Tom has studied many aspects of ecology and conservation, driven by a love of wildlife and fieldwork, and his interest in problem solving. For his doctorate he studied populations of water voles at Oxford University, and went on to run a water vole reintroduction programme, resulting in seven new populations in Oxfordshire. He feels that conservation as a discipline, however, is steadily moving away from single-species studies, recognising that the causes of the majority of conservation issues have their origin in humans’ behaviour. Tom now works to understand how humans as consumers influence wildlife – and whether we can in turn influence those consumption choices to make them more sustainable. Before coming to Oxford he studied Biological Sciences at Durham University and for an MSc in Ecology and Environmental Management at the University of York. Most of his outreach activities take place through his separate career as an award winning children’s author, writing animal fiction and talking to school children about wildlife.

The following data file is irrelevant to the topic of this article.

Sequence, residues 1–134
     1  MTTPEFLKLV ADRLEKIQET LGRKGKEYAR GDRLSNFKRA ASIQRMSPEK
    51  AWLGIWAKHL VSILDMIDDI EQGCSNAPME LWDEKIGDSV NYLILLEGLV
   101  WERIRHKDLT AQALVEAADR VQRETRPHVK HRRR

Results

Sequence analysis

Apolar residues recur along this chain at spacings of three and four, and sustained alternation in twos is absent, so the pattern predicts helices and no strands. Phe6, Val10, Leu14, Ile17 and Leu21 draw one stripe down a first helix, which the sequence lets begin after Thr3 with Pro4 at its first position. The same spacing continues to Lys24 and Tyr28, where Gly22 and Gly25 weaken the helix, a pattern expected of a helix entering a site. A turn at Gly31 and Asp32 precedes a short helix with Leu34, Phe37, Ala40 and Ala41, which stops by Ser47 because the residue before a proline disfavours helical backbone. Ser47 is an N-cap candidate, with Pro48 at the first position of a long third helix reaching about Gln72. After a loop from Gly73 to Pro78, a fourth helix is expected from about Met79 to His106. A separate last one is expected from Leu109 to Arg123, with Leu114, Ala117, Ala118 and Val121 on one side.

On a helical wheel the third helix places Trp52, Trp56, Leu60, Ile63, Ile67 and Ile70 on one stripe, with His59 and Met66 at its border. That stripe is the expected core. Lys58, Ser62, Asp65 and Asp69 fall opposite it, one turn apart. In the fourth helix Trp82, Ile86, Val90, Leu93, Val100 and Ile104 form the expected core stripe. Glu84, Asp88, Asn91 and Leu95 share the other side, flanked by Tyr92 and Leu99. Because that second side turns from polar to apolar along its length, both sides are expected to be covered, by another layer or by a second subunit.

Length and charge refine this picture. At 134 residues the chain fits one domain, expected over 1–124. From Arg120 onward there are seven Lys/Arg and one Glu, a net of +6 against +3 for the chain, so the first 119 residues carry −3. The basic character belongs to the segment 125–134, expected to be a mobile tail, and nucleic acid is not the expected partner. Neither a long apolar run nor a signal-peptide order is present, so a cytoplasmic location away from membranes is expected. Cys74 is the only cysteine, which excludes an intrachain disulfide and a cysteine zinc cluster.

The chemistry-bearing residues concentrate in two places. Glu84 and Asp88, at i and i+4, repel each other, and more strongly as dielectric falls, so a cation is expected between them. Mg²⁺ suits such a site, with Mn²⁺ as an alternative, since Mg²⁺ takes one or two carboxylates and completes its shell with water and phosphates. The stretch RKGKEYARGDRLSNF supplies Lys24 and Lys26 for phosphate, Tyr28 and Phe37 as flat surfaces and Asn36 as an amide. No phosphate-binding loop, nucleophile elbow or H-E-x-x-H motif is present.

Should I take a selfie with a wild animal?
Travel companies around the world profit from some of the cruellest types of wildlife tourist attractions on earth.
Whether it is riding elephants, taking selfies with tigers, or performing dolphin shows, these activities can cause lifelong suffering for wild animals.
In the latest edition of the Oxford Sparks Big Questions podcast, we visit Conservation Ecologist Dr Tom...